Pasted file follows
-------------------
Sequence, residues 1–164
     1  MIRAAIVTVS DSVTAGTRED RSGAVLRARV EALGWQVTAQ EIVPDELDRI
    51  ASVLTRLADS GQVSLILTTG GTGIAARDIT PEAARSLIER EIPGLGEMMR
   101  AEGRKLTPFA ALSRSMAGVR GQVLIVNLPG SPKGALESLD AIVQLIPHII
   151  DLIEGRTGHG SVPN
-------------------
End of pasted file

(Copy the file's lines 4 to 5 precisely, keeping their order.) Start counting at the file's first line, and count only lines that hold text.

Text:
   101  AEGRKLTPFA ALSRSMAGVR GQVLIVNLPG SPKGALESLD AIVQLIPHII
   151  DLIEGRTGHG SVPN